Step Two – Move Backup to the Public Cloud

Nearly all businesses understand the importance of backup, but many still do not see the importance of utilizing an automatic backup of their data to the cloud. Costs for data backup continue to drop, so the backup of data to the cloud is a must for all businesses. There are literally thousands of providers that utilize on-premise devices in conjunction with automatic backup to the cloud to create layers of backup for the business data. 

These layers of backup provide for robust access to data, especially in a disaster event – large or small. In most cases, this backup strategy forms that backbone of the Business’s Continuity Plan. Businesses utilizing a manual method for getting the backup of their data offsite each day need to seriously consider moving to a cloud backup solution.

Step three– Move Data to the Cloud

Google Docs and Microsoft’s Office 365 SharePoint services provide robust solutions for the storage and access of a company’s data, and in many cases completely eliminate the need for the company’s remaining server(s). Word documents, spreadsheets, PowerPoint presentations, PDF documents all perform extremely well in these environments. As mentioned above, large graphics files and some large databases still do not perform as well, so prior to moving these types of files to these platforms it is strongly recommended to do thorough testing.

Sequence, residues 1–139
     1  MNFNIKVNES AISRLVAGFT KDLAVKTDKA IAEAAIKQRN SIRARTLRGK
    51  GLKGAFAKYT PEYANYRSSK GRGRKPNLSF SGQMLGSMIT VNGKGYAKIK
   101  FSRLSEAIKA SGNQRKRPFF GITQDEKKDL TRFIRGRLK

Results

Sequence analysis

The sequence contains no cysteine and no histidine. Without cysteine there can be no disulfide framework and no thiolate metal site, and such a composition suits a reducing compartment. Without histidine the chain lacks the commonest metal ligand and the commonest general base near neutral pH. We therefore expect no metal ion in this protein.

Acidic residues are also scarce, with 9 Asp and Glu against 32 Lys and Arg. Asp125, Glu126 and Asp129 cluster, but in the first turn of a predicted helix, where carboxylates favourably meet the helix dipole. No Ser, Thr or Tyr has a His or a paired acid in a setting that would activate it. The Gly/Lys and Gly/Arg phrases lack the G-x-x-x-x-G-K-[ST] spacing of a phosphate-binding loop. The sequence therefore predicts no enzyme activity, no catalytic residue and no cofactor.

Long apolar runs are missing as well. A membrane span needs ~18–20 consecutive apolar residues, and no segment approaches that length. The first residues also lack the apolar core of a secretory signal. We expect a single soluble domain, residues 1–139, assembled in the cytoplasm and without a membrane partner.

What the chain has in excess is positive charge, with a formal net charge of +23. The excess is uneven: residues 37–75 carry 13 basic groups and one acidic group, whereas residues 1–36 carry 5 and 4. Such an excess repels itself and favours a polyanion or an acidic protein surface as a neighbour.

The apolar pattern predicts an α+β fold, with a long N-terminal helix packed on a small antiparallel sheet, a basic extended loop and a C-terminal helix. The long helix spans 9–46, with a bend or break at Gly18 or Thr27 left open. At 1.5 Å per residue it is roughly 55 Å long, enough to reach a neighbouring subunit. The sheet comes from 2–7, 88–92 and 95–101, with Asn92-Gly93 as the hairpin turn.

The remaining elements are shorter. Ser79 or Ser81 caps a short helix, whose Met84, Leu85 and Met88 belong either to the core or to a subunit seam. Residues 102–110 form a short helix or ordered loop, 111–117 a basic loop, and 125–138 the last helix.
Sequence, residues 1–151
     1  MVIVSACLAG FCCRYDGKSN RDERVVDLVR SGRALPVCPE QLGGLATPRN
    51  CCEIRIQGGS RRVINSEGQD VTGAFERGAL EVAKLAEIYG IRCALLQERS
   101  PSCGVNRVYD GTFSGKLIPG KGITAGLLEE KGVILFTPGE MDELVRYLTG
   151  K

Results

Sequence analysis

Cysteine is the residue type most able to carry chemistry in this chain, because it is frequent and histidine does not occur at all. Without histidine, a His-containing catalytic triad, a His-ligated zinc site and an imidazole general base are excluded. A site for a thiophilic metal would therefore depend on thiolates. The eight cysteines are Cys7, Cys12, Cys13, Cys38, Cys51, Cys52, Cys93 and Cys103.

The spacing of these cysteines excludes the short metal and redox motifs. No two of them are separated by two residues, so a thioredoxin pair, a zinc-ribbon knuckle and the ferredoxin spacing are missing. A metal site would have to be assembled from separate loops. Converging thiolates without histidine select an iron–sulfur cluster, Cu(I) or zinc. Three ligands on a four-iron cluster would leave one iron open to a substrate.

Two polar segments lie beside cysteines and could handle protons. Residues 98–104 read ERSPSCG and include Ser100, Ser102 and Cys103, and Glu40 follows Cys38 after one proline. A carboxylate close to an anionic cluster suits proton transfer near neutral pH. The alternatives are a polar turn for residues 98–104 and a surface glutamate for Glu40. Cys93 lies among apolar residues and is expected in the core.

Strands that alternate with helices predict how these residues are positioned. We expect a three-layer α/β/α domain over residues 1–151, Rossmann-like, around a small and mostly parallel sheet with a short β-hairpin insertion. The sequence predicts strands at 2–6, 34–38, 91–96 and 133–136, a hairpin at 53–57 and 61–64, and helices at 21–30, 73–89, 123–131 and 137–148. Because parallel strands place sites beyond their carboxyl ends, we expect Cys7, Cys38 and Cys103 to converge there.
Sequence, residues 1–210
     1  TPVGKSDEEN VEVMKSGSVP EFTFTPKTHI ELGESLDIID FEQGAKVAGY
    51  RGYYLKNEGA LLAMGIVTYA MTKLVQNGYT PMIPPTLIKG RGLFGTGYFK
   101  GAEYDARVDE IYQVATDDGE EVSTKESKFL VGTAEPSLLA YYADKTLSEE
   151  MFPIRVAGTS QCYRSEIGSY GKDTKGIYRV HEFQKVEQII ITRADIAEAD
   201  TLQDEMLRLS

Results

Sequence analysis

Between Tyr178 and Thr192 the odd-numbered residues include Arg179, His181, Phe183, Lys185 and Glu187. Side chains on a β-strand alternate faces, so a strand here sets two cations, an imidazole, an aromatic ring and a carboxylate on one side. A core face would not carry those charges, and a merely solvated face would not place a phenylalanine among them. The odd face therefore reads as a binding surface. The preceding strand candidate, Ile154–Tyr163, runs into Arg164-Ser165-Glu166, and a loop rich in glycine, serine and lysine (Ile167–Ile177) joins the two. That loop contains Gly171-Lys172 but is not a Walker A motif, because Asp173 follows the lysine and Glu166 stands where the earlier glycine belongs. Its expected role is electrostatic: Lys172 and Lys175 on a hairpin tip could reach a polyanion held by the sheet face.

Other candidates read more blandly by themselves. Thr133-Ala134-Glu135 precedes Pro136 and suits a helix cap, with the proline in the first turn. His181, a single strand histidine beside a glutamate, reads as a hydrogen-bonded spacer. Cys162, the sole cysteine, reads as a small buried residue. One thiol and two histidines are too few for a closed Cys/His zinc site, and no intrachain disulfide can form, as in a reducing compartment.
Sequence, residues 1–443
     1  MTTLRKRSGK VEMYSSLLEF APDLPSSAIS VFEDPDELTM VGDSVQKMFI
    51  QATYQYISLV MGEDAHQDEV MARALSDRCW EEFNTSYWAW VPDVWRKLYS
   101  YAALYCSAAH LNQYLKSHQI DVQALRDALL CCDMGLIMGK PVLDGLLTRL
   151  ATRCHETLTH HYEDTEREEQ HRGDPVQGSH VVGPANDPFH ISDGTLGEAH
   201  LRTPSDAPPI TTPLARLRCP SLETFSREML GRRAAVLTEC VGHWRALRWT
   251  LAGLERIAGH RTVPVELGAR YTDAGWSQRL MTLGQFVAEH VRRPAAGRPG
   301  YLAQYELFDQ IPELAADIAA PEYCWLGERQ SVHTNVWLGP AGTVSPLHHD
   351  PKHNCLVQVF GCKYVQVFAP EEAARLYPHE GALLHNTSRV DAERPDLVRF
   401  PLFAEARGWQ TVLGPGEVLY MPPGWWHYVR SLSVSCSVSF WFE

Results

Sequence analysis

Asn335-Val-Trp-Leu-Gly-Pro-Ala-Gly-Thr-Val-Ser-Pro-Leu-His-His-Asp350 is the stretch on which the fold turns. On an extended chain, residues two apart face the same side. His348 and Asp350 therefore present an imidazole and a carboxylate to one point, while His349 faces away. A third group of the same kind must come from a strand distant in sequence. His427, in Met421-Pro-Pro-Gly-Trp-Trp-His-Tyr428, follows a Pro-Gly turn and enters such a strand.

The access of these files from in the office and out of the office becomes extremely easy and allows for remote users to be extremely productive. Access to these files also allows for very productive collaboration and eliminates versioning issues on larger projects. Mobile access to this data from all devices also provides greater efficiency and productivity for users out of the office.

Security permissions and access to these files needs to be carefully implemented as the data is moved to these platforms. In many cases, two-factor authentication is recommended to assure security is maintained as user’s access these files.

Final Step – Move Line of Business Applications

Many software manufacturers are offering hosted solutions for their line-of-business applications. Prior to committing to this move, it is recommended that a business thoroughly test the hosted versions of these applications. Many of them have a limited feature set when compared to the on-premise versions.

In some cases it makes more sense for the company to use a private cloud for these applications. Resources at a data centre are configured for the hosting of this application and users access this data remotely with products like Citrix or Microsoft’s Remote Desktop services. With adequate bandwidth, the access to these applications and data is seamless and the end user experience is a very positive one. 

With these resources hosted in the cloud, users are able to use many different devices, including thin clients, to access the applications and data. Businesses find themselves very nimble and scalable when using these technologies.

Know your business and the components of your business that will perform well in the cloud. Create a detailed plan of moving the business resources to the cloud and then implement the plan step-by-step and watch your business flourish on the cloud!